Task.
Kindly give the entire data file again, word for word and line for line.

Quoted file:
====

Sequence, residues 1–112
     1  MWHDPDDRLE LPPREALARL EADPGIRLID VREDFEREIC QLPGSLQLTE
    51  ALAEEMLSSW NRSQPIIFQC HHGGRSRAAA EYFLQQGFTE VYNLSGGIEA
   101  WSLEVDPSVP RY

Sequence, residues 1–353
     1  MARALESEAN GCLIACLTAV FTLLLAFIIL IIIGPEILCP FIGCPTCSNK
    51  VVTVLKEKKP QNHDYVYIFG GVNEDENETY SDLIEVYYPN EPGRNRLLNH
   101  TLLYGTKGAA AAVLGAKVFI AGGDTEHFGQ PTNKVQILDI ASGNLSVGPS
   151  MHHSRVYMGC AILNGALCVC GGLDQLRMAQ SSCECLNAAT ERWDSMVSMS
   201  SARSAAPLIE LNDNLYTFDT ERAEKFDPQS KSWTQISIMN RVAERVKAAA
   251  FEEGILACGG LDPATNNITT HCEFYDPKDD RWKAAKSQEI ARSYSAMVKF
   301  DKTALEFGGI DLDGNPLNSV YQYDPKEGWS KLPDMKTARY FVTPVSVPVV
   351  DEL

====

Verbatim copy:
Sequence, residues 1–112
     1  MWHDPDDRLE LPPREALARL EADPGIRLID VREDFEREIC QLPGSLQLTE
    51  ALAEEMLSSW NRSQPIIFQC HHGGRSRAAA EYFLQQGFTE VYNLSGGIEA
   101  WSLEVDPSVP RY

Sequence, residues 1–353
     1  MARALESEAN GCLIACLTAV FTLLLAFIIL IIIGPEILCP FIGCPTCSNK
    51  VVTVLKEKKP QNHDYVYIFG GVNEDENETY SDLIEVYYPN EPGRNRLLNH
   101  TLLYGTKGAA AAVLGAKVFI AGGDTEHFGQ PTNKVQILDI ASGNLSVGPS
   151  MHHSRVYMGC AILNGALCVC GGLDQLRMAQ SSCECLNAAT ERWDSMVSMS
   201  SARSAAPLIE LNDNLYTFDT ERAEKFDPQS KSWTQISIMN RVAERVKAAA
   251  FEEGILACGG LDPATNNITT HCEFYDPKDD RWKAAKSQEI ARSYSAMVKF
   301  DKTALEFGGI DLDGNPLNSV YQYDPKEGWS KLPDMKTARY FVTPVSVPVV
   351  DEL